How do I find the mass of copper(II) hydroxide which is formed when excess copper(II) sulfate is added to 100mL of a 0.450 mol #L^-1# solution of sodium hydroxide?

1 Answer
Oct 3, 2015

#"2.20 g"#


An alternative approach is to simply use the mole ratios that exist between the species that take part in the reaction, then use the molar mass of copper(II) hydroxide, #"Cu"("OH")_2#, to get the mass formed by the reaction.

So, your sodium hydroxide solution contains

#C = n/V implies n = C * V#

#n_(OH^(-)) = "0.450 M" * 100 * 10^(-3)"L" = "0.0450 moles OH"""^(-)#

The net ionic equation for this double replacement reaction looks like this

#"Cu"_text((aq])^(2+) + color(red)(2)"OH"_text((aq])^(-) -> "Cu"("OH")_text(2(s]) darr#

So, #color(red)(2)# moles of hydroxide ions will react with one mole of copper(II) ions and form one mole of copper(II) hydroxide.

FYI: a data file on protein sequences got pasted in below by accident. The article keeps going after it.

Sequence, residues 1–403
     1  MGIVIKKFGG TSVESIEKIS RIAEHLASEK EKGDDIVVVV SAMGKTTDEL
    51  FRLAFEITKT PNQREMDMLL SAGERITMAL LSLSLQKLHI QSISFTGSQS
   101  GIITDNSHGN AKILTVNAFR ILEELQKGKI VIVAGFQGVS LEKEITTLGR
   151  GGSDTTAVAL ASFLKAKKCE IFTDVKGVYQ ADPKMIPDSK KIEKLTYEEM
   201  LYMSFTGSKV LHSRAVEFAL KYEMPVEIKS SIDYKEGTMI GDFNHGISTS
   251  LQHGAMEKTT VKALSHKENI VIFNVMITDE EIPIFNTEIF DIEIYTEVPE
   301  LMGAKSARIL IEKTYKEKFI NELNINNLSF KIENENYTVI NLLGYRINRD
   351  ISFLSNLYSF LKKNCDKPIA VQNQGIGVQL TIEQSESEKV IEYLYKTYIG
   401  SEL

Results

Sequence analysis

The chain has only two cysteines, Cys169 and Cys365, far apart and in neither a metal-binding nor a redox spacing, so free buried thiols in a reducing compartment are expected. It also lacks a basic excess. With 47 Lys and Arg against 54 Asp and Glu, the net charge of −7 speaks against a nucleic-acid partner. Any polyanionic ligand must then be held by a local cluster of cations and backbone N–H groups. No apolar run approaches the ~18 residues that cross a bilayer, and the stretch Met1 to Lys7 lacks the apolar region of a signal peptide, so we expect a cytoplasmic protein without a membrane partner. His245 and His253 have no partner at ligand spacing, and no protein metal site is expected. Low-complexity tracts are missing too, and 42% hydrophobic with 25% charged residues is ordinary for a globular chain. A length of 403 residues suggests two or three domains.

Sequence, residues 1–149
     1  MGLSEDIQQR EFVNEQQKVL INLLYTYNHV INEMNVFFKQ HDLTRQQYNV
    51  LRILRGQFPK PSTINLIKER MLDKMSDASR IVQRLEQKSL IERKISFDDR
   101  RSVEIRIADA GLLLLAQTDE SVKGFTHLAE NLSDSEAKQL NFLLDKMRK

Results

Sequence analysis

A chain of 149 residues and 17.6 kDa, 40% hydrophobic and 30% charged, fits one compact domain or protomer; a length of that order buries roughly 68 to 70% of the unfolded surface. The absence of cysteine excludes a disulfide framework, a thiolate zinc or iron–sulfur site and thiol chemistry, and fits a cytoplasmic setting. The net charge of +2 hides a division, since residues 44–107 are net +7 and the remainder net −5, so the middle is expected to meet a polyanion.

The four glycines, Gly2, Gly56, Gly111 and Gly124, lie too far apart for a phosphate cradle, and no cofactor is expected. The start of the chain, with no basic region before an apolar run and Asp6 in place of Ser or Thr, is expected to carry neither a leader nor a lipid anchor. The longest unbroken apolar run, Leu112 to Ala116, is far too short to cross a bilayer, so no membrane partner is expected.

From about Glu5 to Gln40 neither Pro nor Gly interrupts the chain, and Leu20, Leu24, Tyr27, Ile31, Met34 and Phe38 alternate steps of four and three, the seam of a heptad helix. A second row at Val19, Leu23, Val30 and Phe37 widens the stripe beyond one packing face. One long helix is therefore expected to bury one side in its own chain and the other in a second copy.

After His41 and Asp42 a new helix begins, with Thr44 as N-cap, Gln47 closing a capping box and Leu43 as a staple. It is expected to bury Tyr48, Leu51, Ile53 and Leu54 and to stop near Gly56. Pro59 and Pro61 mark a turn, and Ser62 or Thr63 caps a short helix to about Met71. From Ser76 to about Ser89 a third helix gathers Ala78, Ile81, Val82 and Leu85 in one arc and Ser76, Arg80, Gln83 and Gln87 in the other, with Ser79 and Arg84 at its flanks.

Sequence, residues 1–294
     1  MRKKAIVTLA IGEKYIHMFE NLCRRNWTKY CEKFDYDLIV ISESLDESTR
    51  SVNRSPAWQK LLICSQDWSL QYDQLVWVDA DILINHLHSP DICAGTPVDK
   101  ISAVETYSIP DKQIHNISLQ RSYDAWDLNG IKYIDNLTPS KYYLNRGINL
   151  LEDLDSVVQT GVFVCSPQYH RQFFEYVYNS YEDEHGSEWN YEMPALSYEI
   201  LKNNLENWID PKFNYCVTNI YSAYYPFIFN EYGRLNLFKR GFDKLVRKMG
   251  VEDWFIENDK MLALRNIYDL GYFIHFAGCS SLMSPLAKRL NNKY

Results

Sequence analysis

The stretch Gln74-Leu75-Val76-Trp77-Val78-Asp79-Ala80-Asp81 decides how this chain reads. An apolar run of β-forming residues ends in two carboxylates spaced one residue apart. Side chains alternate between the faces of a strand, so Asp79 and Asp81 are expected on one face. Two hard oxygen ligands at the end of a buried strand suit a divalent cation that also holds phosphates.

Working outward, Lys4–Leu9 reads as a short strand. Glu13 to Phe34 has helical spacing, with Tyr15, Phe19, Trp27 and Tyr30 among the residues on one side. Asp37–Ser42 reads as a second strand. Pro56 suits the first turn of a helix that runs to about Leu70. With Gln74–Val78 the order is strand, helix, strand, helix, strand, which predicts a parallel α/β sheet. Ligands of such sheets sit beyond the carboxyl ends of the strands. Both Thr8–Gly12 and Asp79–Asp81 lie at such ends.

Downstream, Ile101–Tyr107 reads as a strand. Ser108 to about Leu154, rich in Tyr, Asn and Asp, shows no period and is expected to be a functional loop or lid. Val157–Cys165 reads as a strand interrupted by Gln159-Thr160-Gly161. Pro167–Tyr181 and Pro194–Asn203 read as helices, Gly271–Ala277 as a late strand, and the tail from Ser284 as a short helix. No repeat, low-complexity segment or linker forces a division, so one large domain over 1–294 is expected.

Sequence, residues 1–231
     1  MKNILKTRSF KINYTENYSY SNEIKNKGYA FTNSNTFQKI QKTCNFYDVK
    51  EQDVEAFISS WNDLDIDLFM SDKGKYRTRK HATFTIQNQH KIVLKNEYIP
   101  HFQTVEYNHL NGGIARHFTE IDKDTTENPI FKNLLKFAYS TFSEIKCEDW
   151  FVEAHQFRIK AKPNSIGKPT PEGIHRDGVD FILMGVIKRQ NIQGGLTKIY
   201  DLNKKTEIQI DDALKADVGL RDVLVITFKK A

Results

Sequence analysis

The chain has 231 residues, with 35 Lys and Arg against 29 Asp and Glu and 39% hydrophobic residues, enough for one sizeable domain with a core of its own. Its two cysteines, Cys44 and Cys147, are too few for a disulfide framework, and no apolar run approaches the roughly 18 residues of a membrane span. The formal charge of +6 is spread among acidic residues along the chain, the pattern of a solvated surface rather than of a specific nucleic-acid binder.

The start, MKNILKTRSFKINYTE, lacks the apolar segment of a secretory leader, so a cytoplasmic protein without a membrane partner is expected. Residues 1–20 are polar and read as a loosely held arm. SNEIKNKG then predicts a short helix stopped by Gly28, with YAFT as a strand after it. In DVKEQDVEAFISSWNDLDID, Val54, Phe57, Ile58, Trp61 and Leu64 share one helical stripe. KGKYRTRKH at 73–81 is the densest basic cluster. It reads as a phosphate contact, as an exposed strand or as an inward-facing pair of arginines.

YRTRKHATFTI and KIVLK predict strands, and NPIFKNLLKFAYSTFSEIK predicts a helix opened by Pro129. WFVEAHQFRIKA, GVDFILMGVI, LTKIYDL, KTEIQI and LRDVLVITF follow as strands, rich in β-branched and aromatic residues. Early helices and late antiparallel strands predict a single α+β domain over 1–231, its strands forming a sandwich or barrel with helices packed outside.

This means that the reaction will produce

#0.0450color(red)(cancel(color(black)("moles OH"""^(-)))) * ("1 mole Cu"("OH")_2)/(color(red)(2)color(red)(cancel(color(black)("moles OH"""^(-))))) = "0.0225 moles Cu"("OH")_2#

To find how many grams of copper(II) hydroxide will contain this many moles, use the compound's molar mass

#0.0225color(red)(cancel(color(black)("moles OH"""^(-)))) * "97.56 g"/(1color(red)(cancel(color(black)("mole OH"""^(-))))) = "2.195 g Cu"("OH")_2#

Rounded to three sig figs, the answer will be

#m_(Cu(OH)_2) = color(green)("2.20 g")#